to the east toward the mountains. Big question remains to what
extent mid-level clouds may prevent widespread IFR or MVFR
conditions from developing around the airport tonight. For now,
thinking the mid-level clouds provide enough insolation to
prevent that from happening, but this is low confidence at this
.SHORT TERM FORECAST SOUTHCENTRAL ALASKA (Days 1 and 2)...
The upper level trough currently stretches directly over the
Kenai Peninsula. The trough has been providing sufficient upper
level support for overnight showers across the Kenai Peninsula
and along Cook Inlet. In particular, showers have been forming
along the eastern Inlet, where the contrast between the relatively
warm Cook Inlet waters and cooler nighttime land temperatures is
providing low level support for shower development. Generally
these showers have helped to keep the boundary layer relatively
mixed overnight and have prevented the development of fog.
However, fog has been forming further inland within the Matanuska
valley, where showers have not yet developed. Skies are expected
to continue to clear today as the trough pushes eastward and a
fast moving shortwave ridge pushes in.
There is a chance for fog to develop again Monday night into
Tuesday morning ahead of the next approaching upper level trough.
With lower pressure in the Gulf and a surface ridge in place,
light offshore flow may be sufficient to mix out developing fog in
the Anchorage Bowl and Kenai Peninsula. However, fog could be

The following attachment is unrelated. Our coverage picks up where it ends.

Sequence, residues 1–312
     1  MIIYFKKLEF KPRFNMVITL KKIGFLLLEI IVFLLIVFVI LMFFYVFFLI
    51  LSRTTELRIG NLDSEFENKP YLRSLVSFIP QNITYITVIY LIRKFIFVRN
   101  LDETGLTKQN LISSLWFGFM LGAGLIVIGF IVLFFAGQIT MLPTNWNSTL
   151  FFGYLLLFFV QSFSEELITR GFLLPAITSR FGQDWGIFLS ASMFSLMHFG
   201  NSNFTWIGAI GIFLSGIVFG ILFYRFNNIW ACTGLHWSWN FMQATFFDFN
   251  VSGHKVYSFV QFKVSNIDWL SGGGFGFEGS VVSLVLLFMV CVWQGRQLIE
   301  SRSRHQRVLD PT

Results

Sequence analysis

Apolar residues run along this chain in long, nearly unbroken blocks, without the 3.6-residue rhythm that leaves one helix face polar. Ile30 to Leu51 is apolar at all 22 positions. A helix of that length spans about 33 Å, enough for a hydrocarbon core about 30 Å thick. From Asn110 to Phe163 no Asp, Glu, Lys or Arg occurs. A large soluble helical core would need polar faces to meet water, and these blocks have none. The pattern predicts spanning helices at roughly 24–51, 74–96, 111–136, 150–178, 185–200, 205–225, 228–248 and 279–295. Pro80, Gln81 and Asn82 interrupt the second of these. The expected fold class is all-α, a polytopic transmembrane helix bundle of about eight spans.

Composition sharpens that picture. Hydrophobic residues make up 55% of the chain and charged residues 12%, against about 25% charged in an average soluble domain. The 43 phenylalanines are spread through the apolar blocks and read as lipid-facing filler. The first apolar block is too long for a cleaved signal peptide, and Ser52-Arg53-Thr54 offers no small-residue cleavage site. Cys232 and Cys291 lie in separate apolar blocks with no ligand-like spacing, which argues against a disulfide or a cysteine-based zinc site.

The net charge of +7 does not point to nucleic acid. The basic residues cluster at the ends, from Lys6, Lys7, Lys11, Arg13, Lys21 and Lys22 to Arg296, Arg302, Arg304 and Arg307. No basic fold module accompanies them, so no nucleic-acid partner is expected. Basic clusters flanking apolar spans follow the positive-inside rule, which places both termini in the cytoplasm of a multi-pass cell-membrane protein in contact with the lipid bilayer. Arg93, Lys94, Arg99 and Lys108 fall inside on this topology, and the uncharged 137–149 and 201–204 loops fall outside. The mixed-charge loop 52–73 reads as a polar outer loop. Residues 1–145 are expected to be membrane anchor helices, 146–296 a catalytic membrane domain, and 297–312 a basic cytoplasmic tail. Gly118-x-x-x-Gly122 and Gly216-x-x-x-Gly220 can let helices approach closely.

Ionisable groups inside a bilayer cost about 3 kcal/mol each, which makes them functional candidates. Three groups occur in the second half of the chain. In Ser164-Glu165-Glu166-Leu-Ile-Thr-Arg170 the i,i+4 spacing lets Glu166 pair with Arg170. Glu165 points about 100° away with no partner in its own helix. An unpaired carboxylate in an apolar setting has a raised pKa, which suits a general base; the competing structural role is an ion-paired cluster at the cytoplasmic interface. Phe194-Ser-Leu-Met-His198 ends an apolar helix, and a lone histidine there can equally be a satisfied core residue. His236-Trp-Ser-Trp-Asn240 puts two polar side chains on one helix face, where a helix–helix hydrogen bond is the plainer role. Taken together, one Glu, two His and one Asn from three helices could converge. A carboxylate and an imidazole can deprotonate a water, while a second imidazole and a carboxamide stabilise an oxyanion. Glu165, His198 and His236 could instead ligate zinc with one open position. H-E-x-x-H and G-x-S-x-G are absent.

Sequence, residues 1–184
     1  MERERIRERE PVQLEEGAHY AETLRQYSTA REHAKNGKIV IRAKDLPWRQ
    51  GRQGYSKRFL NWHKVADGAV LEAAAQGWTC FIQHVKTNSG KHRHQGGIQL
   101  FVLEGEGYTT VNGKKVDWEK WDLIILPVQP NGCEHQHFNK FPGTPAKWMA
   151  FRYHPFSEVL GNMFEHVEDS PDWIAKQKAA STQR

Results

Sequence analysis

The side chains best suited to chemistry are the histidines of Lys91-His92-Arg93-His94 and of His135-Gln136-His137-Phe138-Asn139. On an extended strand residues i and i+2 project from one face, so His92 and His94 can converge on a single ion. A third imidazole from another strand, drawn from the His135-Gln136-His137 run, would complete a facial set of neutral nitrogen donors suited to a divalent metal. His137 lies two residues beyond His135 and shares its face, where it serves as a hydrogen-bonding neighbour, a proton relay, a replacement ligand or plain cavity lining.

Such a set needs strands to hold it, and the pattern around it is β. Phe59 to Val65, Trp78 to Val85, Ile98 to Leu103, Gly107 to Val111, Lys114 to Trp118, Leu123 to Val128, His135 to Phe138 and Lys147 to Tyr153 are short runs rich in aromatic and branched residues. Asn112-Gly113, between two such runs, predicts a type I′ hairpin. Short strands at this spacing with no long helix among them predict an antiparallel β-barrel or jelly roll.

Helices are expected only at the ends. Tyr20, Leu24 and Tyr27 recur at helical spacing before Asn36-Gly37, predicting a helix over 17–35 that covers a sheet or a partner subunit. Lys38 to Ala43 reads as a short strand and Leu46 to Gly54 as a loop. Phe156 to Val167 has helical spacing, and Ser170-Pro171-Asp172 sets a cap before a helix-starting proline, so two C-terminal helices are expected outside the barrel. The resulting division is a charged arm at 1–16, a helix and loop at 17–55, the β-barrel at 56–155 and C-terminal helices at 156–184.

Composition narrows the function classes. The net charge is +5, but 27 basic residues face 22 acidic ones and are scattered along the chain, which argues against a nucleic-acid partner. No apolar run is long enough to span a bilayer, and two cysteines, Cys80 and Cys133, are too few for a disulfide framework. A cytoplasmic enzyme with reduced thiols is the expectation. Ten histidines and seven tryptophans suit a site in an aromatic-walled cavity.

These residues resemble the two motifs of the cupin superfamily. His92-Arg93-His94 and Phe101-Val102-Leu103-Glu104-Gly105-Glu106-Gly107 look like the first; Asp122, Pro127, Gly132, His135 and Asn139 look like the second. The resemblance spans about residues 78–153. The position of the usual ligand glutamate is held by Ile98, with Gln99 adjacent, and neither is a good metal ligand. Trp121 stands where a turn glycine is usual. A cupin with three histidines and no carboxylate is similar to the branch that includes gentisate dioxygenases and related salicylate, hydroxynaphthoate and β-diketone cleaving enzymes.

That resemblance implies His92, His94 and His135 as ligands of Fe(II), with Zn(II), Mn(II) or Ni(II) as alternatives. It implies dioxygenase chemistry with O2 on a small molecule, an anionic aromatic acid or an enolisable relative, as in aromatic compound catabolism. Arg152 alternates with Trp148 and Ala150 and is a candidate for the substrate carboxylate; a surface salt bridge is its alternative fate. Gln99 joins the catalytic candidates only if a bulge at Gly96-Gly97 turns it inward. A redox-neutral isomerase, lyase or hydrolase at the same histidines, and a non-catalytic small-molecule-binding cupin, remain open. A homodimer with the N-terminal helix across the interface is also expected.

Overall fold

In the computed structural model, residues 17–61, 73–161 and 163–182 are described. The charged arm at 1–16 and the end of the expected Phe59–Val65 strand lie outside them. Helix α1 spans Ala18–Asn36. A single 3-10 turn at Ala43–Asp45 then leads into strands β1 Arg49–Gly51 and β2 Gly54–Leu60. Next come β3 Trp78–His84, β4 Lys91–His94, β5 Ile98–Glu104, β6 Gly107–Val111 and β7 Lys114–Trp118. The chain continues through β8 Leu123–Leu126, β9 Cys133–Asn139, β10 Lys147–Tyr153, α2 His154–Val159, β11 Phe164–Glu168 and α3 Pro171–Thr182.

more established in eastern portions of the zone such as Prince
William Sound and the Copper River Basin.
.SHORT TERM FORECAST SOUTHWEST ALASKA (Days 1 and 2)...
An upper level closed low continues to track through the eastern
Bering before crossing the Eastern Aleutians into the North
Pacific Ocean by Monday afternoon. This feature will bring
rain along the Southwest Alaska coastline today before tapering-
off as an upstream amplified ridge builds into the AOR heading
into Tuesday. Therefore, look for drier conditions except for
patchy fog developing under the upper level ridge for Tuesday, and
Wednesday morning. Meanwhile, the Kuskokwim Delta region will have
a trough pushing into the northern Bering resulting in a swath of
moisture accompanied by rain/stratus entering the Kuskokwim Delta
region by early Wednesday morning.
.SHORT TERM FORECAST BERING SEA/ALEUTIANS...
As the surface 1004 mb low tracks through the eastern Bering this
morning, this feature produces a showery weather regime through
the central/eastern Bering before spilling over into the Central